A gains chart evaluates the performance of a classification model by each portion of the data. It shows for each percentile of the data set, how much better you can expect to perform compared against a random selection model.

Use the cumulative gains chart to help you choose the classification cutoff using a percentage that corresponds to a desired gain from the model. This information provides another way of looking at the results in the accompanying lift chart.

Example 1: A classification model with minimal gain a classification model with minimal gain

Example 2: A classification model with significant gain A classification model with significant gain

Calibration plot

For all classification problems, you can review the calibration line for micro-average, macro-average, and each class in a given predictive model.

A calibration plot is used to display the confidence of a predictive model. It does this by showing the relationship between the predicted probability and the actual probability, where “probability” represents the likelihood that a particular instance belongs under some label. A well calibrated model aligns with the y=x line, where it is reasonably confident in its predictions. An over-confident model aligns with the y=0 line, where the predicted probability is present but there is no actual probability.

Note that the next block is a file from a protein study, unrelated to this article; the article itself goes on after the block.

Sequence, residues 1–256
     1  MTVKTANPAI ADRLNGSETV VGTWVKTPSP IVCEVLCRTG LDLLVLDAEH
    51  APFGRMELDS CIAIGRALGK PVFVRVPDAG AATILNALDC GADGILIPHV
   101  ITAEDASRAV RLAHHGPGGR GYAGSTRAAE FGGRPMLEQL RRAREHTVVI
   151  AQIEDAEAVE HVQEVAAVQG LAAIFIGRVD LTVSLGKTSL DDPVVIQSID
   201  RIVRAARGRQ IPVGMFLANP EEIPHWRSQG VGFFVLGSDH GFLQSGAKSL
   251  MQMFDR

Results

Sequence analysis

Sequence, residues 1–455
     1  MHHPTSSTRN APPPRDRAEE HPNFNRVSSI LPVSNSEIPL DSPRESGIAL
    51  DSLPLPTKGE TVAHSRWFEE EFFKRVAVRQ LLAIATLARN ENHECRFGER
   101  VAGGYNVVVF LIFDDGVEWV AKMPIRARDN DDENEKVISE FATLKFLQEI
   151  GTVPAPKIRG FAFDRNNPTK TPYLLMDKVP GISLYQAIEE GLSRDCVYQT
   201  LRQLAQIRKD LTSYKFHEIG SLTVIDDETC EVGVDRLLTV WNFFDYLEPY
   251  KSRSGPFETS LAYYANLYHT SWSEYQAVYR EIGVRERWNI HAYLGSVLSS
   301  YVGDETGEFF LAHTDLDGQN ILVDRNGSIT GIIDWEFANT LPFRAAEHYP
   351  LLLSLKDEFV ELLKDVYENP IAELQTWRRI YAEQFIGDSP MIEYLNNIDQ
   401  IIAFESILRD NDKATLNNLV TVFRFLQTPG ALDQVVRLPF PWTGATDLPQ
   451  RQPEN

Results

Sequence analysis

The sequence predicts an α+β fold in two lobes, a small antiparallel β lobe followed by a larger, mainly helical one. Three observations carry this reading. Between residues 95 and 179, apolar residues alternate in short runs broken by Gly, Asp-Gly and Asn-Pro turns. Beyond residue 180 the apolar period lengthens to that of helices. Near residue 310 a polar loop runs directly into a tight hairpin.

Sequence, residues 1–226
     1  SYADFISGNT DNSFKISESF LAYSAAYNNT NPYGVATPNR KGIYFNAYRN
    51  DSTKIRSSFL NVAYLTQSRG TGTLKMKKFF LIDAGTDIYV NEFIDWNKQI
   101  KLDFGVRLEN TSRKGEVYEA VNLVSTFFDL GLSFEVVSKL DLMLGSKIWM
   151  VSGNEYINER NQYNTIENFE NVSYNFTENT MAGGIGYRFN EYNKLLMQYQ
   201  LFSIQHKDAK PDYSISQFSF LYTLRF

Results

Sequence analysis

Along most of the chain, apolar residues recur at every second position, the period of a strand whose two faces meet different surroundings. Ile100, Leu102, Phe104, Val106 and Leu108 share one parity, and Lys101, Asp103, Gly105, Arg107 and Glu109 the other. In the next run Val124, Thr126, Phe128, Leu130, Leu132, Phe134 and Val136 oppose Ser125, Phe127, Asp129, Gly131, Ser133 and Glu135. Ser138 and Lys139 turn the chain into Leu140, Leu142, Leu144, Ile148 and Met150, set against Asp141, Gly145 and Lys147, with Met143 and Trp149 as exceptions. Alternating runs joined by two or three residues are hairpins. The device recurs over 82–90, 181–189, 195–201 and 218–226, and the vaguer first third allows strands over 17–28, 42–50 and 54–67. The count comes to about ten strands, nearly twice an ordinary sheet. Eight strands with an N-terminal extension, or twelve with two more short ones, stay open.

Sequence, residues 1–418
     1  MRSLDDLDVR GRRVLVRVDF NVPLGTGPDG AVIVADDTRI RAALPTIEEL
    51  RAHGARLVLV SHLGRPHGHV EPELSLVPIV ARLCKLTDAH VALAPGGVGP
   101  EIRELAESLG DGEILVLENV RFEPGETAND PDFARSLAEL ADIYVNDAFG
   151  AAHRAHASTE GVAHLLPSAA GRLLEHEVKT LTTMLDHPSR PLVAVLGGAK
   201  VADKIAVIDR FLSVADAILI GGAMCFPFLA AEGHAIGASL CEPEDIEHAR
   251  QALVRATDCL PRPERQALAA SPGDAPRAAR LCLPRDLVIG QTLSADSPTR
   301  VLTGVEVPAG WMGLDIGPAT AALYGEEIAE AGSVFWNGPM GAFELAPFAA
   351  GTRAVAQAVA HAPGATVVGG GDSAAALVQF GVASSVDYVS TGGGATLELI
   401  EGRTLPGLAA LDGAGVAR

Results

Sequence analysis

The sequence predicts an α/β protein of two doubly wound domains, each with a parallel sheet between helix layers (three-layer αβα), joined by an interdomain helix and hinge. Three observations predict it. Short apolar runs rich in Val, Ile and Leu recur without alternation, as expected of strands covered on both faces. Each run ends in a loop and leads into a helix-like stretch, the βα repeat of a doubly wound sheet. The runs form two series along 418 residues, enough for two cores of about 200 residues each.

Example 1: A more well-calibrated model  more well-calibrated model

Example 2: An over-confident model An over-confident model

Regression results

Thee following metrics and charts are available for every regression model that you build using the automated machine learning capabilities of Azure Machine Learning

Regression metrics

The following metrics are saved in each run iteration for a regression or forecasting task.

Metric Description Calculation Extra Parameters
explained_variance Explained variance is the proportion to which a mathematical model accounts for the variation of a given data set. It is the percent decrease in variance of the original data to the variance of the errors. When the mean of the errors is 0, it is equal to explained variance. Calculation None
r2_score R2 is the coefficient of determination or the percent reduction in squared errors compared to a baseline model that outputs the mean. Calculation None
spearman_correlation Spearman correlation is a nonparametric measure of the monotonicity of the relationship between two datasets. Unlike the Pearson correlation, the Spearman correlation does not assume that both datasets are normally distributed. Like other correlation coefficients, this one varies between -1 and +1 with 0 implying no correlation. Correlations of -1 or +1 imply an exact monotonic relationship. Positive correlations imply that as x increases, so does y. Negative correlations imply that as x increases, y decreases. Calculation None
mean_absolute_error Mean absolute error is the expected value of absolute value of difference between the target and the prediction Calculation None
normalized_mean_absolute_error Normalized mean absolute error is mean Absolute Error divided by the range of the data Calculation Divide by range of the data